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One True Way by Shannon Hitchcock
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One True Way (edition 2019)

by Shannon Hitchcock (Author)

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893259,145 (3.64)None
From the moment she met Samantha, star of the school basketball team, on her first day at Daniel Boone Middle School, Allison Drake felt she had found a friend, something she needs badly since her brother died and her father left--but as their friendship grows it begins to evolve into a deeper emotion, and in North Carolina in 1977, it is not easy to discover that you might be gay.… (more)
Member:jennybeast
Title:One True Way
Authors:Shannon Hitchcock (Author)
Info:Scholastic Press (2019), 224 pages
Collections:Your library
Rating:**
Tags:kids, lgbtq, read

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One true way by Shannon Hitchcock

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Ok, so I firmly believe that we need more LGBTQIA2+ books for kids. And they need to be simple reads so that younger kids can access them. And I particularly appreciate that this one validates a 12 year old's feelings as real, and that both good and bad counseling is represented -- honestly the message here is great, the characters have a certain charm, it's a really accessible book. If you must write a book coming from a strongly Christian background, I love that there is more than one type of Christianity represented (Methodist, with a female minister as well as a more Evangelical/Southern Baptist pov). I love that there are recognizably gay characters in the community and they are also part of the conversation.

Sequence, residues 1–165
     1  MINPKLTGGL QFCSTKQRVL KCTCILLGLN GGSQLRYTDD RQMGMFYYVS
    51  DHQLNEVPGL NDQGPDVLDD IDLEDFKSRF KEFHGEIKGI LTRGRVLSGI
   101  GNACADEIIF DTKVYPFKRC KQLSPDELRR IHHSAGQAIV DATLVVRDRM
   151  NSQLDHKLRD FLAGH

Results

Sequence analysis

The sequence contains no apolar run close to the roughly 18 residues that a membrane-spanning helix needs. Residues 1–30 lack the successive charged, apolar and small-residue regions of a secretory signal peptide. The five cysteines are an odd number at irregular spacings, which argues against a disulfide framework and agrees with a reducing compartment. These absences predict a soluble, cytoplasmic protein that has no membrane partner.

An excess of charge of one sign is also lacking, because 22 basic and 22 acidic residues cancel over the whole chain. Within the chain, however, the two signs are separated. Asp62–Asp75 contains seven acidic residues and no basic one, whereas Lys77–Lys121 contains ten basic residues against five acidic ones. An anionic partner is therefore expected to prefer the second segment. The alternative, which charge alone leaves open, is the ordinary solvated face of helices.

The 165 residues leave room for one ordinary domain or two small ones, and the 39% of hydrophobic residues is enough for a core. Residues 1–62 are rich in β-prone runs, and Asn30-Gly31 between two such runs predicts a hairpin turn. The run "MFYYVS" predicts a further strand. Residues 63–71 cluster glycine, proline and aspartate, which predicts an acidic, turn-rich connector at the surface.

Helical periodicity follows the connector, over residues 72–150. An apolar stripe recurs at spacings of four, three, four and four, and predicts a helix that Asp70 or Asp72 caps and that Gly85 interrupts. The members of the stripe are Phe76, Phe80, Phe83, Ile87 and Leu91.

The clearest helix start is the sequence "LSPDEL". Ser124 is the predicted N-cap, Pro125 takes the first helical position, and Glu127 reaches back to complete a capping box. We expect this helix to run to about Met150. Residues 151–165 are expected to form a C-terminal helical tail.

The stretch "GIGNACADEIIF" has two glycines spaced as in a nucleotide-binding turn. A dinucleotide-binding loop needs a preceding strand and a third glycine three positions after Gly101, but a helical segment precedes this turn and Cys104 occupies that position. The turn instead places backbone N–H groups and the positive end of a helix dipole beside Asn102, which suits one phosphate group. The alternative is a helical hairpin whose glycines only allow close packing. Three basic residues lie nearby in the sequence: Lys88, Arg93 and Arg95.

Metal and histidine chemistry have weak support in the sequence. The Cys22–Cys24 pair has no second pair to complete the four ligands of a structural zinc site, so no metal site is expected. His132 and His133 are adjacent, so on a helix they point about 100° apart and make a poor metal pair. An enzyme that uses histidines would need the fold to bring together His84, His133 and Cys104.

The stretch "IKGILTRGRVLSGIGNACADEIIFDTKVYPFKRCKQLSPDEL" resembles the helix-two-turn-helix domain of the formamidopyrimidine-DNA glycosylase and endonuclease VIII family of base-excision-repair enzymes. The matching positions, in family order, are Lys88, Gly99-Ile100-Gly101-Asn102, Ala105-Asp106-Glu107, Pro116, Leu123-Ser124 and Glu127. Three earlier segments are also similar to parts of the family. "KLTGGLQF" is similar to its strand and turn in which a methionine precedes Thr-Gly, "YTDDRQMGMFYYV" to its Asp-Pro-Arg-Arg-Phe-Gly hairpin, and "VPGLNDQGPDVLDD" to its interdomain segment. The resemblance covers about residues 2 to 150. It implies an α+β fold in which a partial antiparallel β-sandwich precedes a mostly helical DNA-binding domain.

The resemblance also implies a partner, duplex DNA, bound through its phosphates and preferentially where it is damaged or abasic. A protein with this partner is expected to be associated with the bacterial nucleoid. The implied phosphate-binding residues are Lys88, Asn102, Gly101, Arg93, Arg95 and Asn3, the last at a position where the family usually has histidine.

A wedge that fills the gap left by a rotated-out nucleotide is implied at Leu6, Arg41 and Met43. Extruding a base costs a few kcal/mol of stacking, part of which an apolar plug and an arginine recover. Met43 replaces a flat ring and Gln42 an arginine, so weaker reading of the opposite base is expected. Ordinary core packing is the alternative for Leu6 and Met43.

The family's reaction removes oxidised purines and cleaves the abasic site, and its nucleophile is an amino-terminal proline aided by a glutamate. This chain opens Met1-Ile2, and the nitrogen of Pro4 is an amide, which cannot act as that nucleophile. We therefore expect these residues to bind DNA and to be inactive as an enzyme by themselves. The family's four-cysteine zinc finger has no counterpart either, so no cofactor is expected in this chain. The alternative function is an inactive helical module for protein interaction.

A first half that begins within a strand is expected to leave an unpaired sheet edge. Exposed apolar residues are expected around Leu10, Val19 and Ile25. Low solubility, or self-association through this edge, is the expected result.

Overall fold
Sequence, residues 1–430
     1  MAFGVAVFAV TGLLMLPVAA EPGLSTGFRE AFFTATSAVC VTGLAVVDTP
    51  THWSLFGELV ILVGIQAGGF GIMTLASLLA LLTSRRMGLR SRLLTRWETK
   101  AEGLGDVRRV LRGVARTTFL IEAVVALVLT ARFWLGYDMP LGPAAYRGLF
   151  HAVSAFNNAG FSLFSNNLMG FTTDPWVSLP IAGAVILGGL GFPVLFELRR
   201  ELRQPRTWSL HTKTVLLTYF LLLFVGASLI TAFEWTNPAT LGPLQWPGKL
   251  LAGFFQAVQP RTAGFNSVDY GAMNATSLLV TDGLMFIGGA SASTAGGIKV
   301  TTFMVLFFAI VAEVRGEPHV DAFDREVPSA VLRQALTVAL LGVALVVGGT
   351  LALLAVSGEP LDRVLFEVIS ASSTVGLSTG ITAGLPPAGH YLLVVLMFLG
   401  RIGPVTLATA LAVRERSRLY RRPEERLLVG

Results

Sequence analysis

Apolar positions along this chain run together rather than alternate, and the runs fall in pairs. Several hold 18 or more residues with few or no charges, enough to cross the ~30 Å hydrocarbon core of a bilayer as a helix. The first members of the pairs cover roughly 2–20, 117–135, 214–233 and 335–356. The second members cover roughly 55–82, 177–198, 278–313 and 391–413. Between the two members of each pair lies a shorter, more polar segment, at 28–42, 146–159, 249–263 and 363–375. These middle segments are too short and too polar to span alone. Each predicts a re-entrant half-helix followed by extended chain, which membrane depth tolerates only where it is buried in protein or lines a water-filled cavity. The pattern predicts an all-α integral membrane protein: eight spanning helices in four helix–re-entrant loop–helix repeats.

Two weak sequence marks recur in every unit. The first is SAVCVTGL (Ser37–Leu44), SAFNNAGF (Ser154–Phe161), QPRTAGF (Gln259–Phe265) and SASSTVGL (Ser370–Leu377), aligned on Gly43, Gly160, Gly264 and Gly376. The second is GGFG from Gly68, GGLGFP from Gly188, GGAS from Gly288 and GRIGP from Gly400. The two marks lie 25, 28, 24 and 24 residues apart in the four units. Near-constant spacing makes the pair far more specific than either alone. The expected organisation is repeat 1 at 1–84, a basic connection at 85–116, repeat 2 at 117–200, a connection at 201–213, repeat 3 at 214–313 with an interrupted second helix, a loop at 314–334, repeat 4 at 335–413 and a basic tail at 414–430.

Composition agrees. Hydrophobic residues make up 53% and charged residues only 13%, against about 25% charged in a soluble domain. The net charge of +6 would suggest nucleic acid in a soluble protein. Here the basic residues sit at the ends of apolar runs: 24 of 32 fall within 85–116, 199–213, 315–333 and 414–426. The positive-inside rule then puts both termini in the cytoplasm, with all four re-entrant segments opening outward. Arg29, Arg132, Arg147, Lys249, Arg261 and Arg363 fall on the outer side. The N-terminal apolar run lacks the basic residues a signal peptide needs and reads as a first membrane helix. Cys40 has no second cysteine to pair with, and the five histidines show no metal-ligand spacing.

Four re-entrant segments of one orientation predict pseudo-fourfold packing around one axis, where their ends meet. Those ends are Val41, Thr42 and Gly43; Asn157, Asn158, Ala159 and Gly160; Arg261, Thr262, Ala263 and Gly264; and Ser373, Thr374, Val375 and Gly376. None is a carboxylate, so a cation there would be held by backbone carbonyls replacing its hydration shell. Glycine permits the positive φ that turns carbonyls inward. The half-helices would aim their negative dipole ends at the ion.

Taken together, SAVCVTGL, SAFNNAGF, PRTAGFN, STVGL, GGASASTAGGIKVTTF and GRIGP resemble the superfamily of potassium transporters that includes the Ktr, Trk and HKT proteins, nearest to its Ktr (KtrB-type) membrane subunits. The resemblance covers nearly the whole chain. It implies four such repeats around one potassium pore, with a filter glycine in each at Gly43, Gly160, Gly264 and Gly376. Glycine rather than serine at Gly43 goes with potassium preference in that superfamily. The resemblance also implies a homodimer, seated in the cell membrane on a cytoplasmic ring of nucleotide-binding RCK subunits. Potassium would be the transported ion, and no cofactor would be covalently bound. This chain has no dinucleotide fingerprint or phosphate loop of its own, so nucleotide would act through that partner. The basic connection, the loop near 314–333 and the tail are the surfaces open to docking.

However, for a 200 page book, this one was a slog -- I found it desperately boring. I did not like that Allie never resolves things with Webb. I also found it extremely formulaic -- chapter will consist of: journalist main character learns something to like about someone she did not previously know. 1970's song/tv show/pop culture reference. Angst. Ribbit Ribbit. Repeat. I don't even think this is linked to the author not being gay herself -- I think she does a great job portraying a young person coming to terms with self-awareness, and weaves that in well with the overlying themes of grief and divorce -- it's just missing a spark for me. I hope it offers something more to the intended audience. ( )
  jennybeast | Aug 5, 2022 |
children's middlegrade fiction (girl moves to new middleschool and realizes that not only are two of her favorite teachers secretly gay, but she herself is gay; set in the 1970s South).
This is one of those rare middleschool books that doesn't deal with school bullies (the kids are all actually really nice despite everyone's differences)--though it does have parent bullies. A helpful, gentle guide for those young kids who are going through similar issues in their lives (or know someone who is). I think I cried solidly through the last half of the book; it is a good story and I think it will be appreciated by many.
( )
  reader1009 | Jul 3, 2021 |
Welcome to Daniel Boone Middle School in the 1970s, where teachers and coaches must hide who they are, and girls who like girls are forced to question their own choices. Presented in the voice of a premier storyteller, One True Way sheds exquisite light on what it means to be different, while at the same time being wholly true to oneself. Through the lives and influences of two girls, readers come to see that love is love is love. Set against the backdrop of history and politics that surrounded gay rights in the 1970s South, this novel is a thoughtful, eye-opening look at tolerance, acceptance, and change, and will widen the hearts of all readers. publisher
  jhennessy627 | Jan 28, 2019 |
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From the moment she met Samantha, star of the school basketball team, on her first day at Daniel Boone Middle School, Allison Drake felt she had found a friend, something she needs badly since her brother died and her father left--but as their friendship grows it begins to evolve into a deeper emotion, and in North Carolina in 1977, it is not easy to discover that you might be gay.

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